The housing bubble began in 2001 and exploded in 2008. But look around today, fully five years later, and the victims are everywhere, even in your own town or neighborhood. People who bought at the top, convinced that they would win this game, were left feeling like chumps. Meanwhile, many people who bought at the bottom and sold came away feeling like geniuses.
Is this the way markets are supposed to work? Is it really just an unrelenting series of bubbles and explosions? History is dotted with such things. We might be in the middle of several bubbles now (education, for example, and a bond bubble generally). We’ll know when the the winners and losers start to sort themselves out.
Timing is everything, and always has been. Tracing the cause and course of the typical bubble, Doug French, in his book Early Speculative Bubbles, has gone back in time to examine three of the earliest and most famous bubbles: Tulipmania, the Mississippi Bubble, and the South Sea Bubble. Each case was different but they all had something in common: they were accompanied by increases in the supply of money. This is the air in the bubble.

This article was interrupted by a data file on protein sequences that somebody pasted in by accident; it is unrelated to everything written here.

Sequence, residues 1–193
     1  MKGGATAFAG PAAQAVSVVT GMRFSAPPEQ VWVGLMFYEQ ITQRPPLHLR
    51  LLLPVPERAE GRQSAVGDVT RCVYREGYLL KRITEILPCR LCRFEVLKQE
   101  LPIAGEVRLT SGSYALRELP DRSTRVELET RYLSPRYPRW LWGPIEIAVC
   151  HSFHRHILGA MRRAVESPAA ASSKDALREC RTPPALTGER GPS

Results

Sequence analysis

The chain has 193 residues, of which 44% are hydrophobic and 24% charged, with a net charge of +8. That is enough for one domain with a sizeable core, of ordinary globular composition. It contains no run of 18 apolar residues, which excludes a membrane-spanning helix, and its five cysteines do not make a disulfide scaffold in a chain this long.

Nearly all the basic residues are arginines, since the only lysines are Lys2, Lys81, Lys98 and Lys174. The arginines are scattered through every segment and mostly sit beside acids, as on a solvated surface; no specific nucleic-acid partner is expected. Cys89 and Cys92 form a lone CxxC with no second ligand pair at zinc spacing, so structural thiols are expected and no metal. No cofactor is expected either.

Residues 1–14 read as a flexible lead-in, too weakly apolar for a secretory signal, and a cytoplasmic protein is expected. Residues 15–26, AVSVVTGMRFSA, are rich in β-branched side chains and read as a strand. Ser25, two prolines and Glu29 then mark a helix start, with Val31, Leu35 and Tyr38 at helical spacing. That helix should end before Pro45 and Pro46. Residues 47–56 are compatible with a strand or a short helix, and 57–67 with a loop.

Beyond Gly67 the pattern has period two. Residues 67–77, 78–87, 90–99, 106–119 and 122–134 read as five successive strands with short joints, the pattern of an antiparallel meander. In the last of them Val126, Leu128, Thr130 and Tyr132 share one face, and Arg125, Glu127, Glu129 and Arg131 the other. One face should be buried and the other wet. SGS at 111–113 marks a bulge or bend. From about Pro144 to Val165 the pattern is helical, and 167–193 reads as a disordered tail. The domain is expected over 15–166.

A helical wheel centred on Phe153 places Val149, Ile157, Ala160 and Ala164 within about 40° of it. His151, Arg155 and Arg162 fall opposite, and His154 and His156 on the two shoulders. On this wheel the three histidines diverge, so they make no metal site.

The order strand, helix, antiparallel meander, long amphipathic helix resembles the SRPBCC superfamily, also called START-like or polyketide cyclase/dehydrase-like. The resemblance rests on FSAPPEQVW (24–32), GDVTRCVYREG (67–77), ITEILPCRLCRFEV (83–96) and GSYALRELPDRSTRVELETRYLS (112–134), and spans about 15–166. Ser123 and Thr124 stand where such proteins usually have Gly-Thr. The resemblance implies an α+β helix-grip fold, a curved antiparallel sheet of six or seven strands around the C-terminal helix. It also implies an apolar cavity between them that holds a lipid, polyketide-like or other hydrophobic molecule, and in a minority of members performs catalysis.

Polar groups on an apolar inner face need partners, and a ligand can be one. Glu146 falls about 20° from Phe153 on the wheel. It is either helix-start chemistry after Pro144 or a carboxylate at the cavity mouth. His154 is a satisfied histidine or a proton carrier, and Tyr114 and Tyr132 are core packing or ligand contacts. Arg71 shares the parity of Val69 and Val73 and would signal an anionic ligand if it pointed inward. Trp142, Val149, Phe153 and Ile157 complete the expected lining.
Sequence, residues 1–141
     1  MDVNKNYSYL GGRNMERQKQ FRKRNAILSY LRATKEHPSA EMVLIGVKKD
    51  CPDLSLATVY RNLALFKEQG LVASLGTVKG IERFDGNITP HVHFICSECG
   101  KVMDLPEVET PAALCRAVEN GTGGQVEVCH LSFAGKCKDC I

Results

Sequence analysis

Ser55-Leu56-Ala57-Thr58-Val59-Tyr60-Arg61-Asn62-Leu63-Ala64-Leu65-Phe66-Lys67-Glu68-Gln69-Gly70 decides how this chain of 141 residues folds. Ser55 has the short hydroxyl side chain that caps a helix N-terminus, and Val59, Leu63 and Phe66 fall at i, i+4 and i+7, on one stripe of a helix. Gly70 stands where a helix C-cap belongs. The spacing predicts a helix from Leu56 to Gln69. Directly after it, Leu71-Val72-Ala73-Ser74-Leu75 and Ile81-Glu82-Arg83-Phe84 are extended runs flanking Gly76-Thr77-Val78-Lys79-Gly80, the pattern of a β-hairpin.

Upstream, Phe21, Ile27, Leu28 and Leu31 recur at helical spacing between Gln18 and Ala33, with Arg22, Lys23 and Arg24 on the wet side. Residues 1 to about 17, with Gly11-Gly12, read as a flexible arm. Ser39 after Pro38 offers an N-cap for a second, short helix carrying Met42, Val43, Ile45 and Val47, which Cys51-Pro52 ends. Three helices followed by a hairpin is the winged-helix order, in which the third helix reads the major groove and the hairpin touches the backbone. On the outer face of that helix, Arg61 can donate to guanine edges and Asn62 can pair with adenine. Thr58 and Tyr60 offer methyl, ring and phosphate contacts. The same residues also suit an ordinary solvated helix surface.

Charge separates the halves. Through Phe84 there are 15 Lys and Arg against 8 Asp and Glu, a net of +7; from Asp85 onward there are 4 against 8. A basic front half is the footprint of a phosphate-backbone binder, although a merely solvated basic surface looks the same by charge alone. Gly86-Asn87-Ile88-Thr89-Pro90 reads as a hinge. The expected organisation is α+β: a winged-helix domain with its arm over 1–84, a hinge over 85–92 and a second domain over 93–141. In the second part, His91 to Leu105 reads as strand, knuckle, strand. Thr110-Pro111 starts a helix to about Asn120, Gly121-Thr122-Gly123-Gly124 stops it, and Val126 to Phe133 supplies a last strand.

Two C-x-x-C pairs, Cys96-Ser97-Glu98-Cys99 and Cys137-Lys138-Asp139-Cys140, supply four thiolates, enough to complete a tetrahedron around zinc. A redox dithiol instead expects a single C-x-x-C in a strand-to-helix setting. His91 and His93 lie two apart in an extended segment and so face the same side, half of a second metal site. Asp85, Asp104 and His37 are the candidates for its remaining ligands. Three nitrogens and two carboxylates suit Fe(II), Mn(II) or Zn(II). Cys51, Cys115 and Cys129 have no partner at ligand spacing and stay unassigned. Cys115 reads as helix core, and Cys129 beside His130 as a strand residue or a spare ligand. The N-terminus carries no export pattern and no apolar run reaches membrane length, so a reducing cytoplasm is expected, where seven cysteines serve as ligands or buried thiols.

Speculative bubbles have common features: a continuous sharp increase in the price of a particular asset, leading to further price increases driven by new speculators seeking profits through even-higher prices. Most often, these manias come to abrupt and dramatic endings. This monetary intervention creates situations that manifest themselves in malinvestment, i.e., speculative bubbles. What then follows is the required period of readjustment, i.e., crash and depression.”
His research is original, done under the supervision Murray Rothbard. Most historians attribute bubbles to human frailty. French shows that they are due to bad banking policy and the crazy view that prosperity can be created by creating more money.